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Marathon Traveler

Simply sightseeing isn't Jerry Evans' style, so the 71-year-old works a marathon — or two — into his travel plans.

The owner of the Jacksonville Inn returned to Medford Nov. 6 after running a 26.2-mile race in Istanbul Oct. 28 and one in Athens on the route of the original marathon just a week later.

"I don't want to be a tourist," he says. "Just going to be a spectator is not my cup of tea. I want to have something to do."

In the past four years, Evans and his running partner, Peter Sage of Medford, 58, have traveled to marathons in Paris, Rome, Hong Kong and Barcelona. Their wives and non-running friends often join their trips.

"They have marathons closer to home, but if I'm going to train long enough and hard enough to run a marathon, I'm going to reward myself with a great experience," Evans says.

In Paris — in April 2004 — that included starting at the Arc de Triomphe and racing down the Champs-Élysées in a crowd of 34,500 runners, then, after the race, sampling creme brulee all across the city of lights to see how the desserts at the Jacksonville Inn compared, Sage says.

It was Sage, a self-proclaimed non-athlete, who lured Evans to try to destination marathons.

Sage started running in what he calls "a late middle-age effort to row against the tide of age and appetite." He and a group of fellow Rotary members ran daily at the Hedrick Middle School track in what they dubbed "The Fat Boys Running Club."

In 2003, Sage ran a marathon in Portland, then ventured to more luxurious locales for marathons in Honolulu and Napa.

His plans to run in April in Paris captured Evans' imagination — and competitive spirit — when the two crossed paths at the Southern Oregon Sizzlers' 2004 Resolution Run, a New Year's Day event that includes a fun run and champagne brunch at the Jacksonville Inn.

Evans ran in high school and college, then "took a quarter of a century off" before becoming a road race regular in events such as the Pear Blossom Run. He had never run a marathon when he started training for the one in Paris at age 67.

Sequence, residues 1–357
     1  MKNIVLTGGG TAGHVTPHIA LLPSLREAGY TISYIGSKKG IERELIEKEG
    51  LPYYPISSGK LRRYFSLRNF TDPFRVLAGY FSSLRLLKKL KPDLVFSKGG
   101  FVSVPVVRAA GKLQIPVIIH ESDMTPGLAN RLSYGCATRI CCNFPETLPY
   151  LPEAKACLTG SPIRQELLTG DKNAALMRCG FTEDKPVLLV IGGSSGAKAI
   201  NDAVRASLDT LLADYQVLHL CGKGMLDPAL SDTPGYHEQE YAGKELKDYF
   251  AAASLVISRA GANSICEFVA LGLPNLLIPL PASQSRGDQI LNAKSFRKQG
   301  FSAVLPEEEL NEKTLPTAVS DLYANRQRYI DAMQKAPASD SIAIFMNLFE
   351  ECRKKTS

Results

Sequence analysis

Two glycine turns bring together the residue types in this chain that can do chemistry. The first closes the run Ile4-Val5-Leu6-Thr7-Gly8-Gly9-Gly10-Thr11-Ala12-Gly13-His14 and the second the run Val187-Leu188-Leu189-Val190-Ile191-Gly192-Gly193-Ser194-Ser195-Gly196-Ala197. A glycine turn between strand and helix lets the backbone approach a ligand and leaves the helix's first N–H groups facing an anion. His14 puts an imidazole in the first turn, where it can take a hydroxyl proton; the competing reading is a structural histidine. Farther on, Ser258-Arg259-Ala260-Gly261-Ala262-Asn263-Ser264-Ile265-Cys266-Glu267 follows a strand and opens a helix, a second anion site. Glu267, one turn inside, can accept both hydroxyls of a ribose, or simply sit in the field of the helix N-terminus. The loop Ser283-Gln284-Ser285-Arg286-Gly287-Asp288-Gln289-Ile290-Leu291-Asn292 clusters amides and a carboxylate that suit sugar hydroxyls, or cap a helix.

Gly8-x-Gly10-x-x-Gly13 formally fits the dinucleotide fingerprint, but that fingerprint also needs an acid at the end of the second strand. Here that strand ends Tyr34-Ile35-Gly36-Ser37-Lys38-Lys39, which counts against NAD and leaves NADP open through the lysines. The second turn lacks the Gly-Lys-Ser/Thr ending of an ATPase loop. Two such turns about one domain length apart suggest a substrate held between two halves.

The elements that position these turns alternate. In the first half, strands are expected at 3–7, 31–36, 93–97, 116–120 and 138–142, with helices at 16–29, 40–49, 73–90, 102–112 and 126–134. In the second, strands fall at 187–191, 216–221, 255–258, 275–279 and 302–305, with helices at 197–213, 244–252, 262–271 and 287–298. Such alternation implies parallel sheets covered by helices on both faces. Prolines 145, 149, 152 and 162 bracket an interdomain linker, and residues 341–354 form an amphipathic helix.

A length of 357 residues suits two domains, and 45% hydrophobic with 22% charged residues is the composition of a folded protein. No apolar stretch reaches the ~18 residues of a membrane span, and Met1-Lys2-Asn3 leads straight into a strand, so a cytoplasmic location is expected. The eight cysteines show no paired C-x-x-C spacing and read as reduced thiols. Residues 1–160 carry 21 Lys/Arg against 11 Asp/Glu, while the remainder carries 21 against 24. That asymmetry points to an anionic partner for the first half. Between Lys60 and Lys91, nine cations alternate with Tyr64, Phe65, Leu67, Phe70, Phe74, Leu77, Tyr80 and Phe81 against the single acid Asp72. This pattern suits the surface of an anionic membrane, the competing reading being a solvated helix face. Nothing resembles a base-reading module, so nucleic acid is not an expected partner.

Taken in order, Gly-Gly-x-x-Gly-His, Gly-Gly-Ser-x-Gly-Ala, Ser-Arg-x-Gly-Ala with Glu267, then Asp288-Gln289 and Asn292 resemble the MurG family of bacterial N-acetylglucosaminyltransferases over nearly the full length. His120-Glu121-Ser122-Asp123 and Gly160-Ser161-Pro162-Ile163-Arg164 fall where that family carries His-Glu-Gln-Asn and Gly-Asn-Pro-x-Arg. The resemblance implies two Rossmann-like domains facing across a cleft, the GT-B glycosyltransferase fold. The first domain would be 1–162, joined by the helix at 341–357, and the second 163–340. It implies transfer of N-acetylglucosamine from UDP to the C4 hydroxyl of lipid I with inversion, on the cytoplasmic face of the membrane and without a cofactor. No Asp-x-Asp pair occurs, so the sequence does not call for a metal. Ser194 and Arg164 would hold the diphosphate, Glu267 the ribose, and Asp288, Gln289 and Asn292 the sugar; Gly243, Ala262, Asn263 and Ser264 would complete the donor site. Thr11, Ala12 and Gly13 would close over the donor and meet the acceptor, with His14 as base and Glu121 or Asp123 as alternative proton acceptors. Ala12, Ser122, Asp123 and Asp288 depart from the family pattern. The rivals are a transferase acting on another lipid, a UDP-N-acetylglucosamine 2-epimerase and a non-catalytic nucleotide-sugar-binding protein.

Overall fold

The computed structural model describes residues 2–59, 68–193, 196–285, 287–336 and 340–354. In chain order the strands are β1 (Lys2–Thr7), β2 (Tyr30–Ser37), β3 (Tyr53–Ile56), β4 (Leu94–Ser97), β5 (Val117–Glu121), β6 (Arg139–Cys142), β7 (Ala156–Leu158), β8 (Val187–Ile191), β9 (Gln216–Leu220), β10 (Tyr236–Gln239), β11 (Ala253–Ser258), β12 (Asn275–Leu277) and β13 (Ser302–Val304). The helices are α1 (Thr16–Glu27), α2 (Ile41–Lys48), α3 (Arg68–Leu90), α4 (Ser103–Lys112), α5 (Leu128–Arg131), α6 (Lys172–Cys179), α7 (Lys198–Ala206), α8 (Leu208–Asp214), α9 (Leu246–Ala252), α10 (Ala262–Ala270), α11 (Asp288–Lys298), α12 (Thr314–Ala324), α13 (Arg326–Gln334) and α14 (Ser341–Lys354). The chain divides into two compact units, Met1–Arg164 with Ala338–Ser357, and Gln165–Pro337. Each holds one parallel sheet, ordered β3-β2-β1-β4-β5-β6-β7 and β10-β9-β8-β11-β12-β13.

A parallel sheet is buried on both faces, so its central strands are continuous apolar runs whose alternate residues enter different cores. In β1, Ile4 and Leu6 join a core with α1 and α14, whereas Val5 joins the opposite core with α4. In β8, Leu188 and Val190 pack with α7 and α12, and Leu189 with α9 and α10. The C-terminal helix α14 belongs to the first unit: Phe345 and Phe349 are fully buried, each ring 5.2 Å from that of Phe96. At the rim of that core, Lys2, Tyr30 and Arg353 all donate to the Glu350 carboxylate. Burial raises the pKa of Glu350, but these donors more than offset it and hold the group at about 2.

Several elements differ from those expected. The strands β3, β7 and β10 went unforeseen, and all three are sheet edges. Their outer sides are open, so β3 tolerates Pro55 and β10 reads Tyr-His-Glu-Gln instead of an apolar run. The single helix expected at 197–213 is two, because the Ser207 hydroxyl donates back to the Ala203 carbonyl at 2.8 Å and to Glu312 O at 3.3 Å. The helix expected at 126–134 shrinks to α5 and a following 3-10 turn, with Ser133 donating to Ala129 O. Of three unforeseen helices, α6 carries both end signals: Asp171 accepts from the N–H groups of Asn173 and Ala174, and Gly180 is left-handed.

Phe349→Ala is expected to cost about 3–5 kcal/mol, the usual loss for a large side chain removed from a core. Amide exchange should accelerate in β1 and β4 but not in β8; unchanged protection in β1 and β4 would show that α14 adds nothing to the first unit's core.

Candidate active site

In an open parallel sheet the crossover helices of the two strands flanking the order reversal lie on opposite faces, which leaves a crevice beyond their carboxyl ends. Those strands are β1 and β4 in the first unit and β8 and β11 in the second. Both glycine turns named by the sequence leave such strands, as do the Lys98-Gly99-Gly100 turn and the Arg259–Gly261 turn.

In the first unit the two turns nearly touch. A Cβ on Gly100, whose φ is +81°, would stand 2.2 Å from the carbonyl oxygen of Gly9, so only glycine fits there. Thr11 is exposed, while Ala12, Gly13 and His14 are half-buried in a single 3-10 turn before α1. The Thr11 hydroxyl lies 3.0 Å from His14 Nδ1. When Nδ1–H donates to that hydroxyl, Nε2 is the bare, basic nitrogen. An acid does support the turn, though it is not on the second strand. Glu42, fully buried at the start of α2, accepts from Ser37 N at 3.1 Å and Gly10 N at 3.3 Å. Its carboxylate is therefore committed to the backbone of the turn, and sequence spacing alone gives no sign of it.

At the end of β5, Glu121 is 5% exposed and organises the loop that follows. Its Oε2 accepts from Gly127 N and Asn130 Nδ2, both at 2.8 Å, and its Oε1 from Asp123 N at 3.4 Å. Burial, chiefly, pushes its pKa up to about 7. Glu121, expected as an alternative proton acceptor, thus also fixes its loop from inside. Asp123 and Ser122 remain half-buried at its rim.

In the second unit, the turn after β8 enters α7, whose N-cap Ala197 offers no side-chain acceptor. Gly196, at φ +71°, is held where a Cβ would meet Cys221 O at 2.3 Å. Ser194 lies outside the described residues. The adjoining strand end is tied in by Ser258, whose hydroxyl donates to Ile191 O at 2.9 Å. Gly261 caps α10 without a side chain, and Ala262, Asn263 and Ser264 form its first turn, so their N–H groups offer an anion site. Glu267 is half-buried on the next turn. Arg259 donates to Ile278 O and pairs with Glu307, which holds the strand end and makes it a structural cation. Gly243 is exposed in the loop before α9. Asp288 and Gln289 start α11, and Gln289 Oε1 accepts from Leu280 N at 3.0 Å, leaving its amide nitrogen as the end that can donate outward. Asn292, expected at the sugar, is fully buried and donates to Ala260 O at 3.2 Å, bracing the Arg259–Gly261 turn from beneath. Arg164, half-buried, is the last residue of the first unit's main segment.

"They dared me to go to Paris," he says. "And I'm kind of competitive."

Evans runs on a treadmill at Superior Athletic Club and on the Bear Creek Greenway, where he has mileage for a full marathon marked out on the trail from Barnett out to the Table Rocks. Moderation in eating and drinking rounds out his training regimen.

"It's good for your life overall," he says, noting that he weighs just two pounds more than he did when he graduated from Oregon State University in 1961.

When traveling to distant marathons, he sleeps on the flight and avoids alcohol, tips which can benefit any traveler, he says. "I feel good when I get there," he says.

Evans spends a day or two sightseeing before the race. Sage recommends a hearty meal the night before running.

"Usually I'm in a pretty celebratory mood after the run and try the local wine and local food, but this time, I had to forego that and get ready for the next one," Evans says.

He ran the Istanbul marathon Oct. 28 in five hours, nine minutes — well off his personal best marathon time of 4 hours and 25 minutes — but he suffered a nasty mishap on the course. A man on inline skates — a big no-no on most race courses — was accompanying a runner and crashed into Evans on a turn, knocking him to the ground. With a gash on his head, scraped knees and hands, and a bruised shoulder, Evans got up and kept running, even though medics wanted to take him to the hospital.

"They were insistent, but I was, too," he says. "I'm not going to go halfway around the world and not finish."

The ambulance crew met him at the finish line and insisted on giving him a lift back to his hotel.

Sage was still about a mile and a half from the finish line when officials closed the race route 51/2; hours after the start so roads could reopen for traffic.

Three hours after the race ended, the group of Southern Oregon travelers, including friends who don't run but helped plan the trip, embarked on a cruise through the Greek Isles to Athens for the next run.

Both Evans and Sage finished that race, which followed the route of the legendary 490 B.C. messenger's run from Marathon to Athens and the first marathon that was run at the dawn of the modern Olympics in 1896. Evans finished in 4 hours and 59 minutes and Sage in 5 hours and 20 minutes.

"The most amazing part is doing two marathons in a week," says Alex Szentesi, owner of Total Camera and Video in Medford and a non-marathoner who travels with the group. "Even the really tough young studs don't try that."

Reach reporter Anita Burke at 776-4485 or aburke@mailtribune.com

Jerry Evans, 71-year-old owner of the Jacksonville Inn, running a marathon in Istanbul, Turkey. A week later he ran another in Athens, Greece.